The Internet may have changed our lives, but it takes a lot of energy

But that’s just an estimate, and the internet has grown exponentially since 2011. Some recent numbers are a little more “damaging”.

How much electricity does the internet use?

The previous estimate is on the “leaner” side of many estimates you can ironically find on the internet. Some others give more revealing estimates of the internet’s total energy use, which ranges from about 200 to 400 terawatt hours per year.

If true, that’s roughly equivalent to the energy consumption of Argentina or the Netherlands.

The construction of the hardware alone is energetically expensive.

As we’ve seen, most of this energy is consumed by data centers, which are responsible for storing, processing, and transmitting digital information, and the infrastructure that connects them (like cables, routers, and switches). In addition, energy is consumed by devices such as smartphones, smart devices, laptops and tablets that access the Internet, as well as the manufacture and disposal of these devices.

But the direct energy consumption is not the only “cost” of the Internet. All of these computers, cables, and peripherals must also be made of physical material. Raw materials and, of course, energy are used for this.

Trying to estimate this energy consumption in addition to the daily operation of the Internet is likely never to be accurately estimated. However, even a single computer can use a surprising amount of power.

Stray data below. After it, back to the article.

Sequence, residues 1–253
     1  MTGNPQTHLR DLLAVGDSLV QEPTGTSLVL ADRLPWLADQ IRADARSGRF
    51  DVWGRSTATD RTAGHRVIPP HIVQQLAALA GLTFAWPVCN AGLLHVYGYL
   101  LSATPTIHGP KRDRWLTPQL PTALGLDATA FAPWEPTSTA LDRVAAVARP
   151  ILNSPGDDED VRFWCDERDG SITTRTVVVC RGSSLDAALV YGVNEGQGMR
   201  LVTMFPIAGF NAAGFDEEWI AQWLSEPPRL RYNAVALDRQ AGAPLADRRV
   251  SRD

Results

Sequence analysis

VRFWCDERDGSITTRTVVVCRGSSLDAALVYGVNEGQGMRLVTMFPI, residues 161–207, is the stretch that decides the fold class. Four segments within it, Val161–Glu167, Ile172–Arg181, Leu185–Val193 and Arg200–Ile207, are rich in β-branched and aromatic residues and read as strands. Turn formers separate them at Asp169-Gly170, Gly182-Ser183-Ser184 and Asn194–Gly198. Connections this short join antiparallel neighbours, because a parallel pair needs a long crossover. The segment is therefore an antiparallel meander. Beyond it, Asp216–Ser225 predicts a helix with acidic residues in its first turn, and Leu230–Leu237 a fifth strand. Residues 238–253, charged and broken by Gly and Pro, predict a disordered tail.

The amount of energy and raw materials required to build a computer can vary depending on the type and size of the computer and the manufacturing process used. In general, building a computer requires a significant amount of energy and raw materials.

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The production of a computer involves several steps, each of which consumes energy and raw materials. The mining of raw materials such as metals, plastics and glass is energy-intensive. The production of microprocessors and other electronic components also requires a lot of energy.

The assembly of these components into a finished product also consumes energy. The total energy consumption during the production process of a computer is estimated to be between 3,010 and 4,340 MJ per computer.

In terms of raw materials, a personal computer typically contains around 1.5 kg of plastic, 0.75 kg of glass and 0.4 kg of metals such as aluminium, copper and gold.

It is important to note that the computer industry is constantly evolving and the energy and resource consumption involved in manufacturing computers is also changing. For example, many companies are now using more energy-efficient manufacturing processes and recycling materials to reduce the environmental impact of building computers.

It is difficult to estimate the exact number of PCs connected to the Internet worldwide, as new computers are constantly being connected and others disconnected. In addition, the number of PCs can vary significantly by region, with more developed countries having a higher density of connected devices.